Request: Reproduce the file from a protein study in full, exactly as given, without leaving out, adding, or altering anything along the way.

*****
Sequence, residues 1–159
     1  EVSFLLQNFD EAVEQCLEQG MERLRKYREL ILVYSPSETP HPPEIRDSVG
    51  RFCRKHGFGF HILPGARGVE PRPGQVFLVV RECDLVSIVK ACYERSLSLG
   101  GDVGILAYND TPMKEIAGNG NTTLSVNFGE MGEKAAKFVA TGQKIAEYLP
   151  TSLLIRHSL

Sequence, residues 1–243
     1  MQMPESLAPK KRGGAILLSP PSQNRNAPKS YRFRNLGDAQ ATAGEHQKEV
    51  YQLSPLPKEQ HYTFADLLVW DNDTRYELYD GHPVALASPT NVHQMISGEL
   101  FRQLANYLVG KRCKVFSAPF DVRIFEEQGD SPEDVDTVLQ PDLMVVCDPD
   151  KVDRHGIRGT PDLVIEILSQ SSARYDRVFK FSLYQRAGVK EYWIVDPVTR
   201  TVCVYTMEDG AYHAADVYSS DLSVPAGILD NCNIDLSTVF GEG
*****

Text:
Sequence, residues 1–159
     1  EVSFLLQNFD EAVEQCLEQG MERLRKYREL ILVYSPSETP HPPEIRDSVG
    51  RFCRKHGFGF HILPGARGVE PRPGQVFLVV RECDLVSIVK ACYERSLSLG
   101  GDVGILAYND TPMKEIAGNG NTTLSVNFGE MGEKAAKFVA TGQKIAEYLP
   151  TSLLIRHSL

Sequence, residues 1–243
     1  MQMPESLAPK KRGGAILLSP PSQNRNAPKS YRFRNLGDAQ ATAGEHQKEV
    51  YQLSPLPKEQ HYTFADLLVW DNDTRYELYD GHPVALASPT NVHQMISGEL
   101  FRQLANYLVG KRCKVFSAPF DVRIFEEQGD SPEDVDTVLQ PDLMVVCDPD
   151  KVDRHGIRGT PDLVIEILSQ SSARYDRVFK FSLYQRAGVK EYWIVDPVTR
   201  TVCVYTMEDG AYHAADVYSS DLSVPAGILD NCNIDLSTVF GEG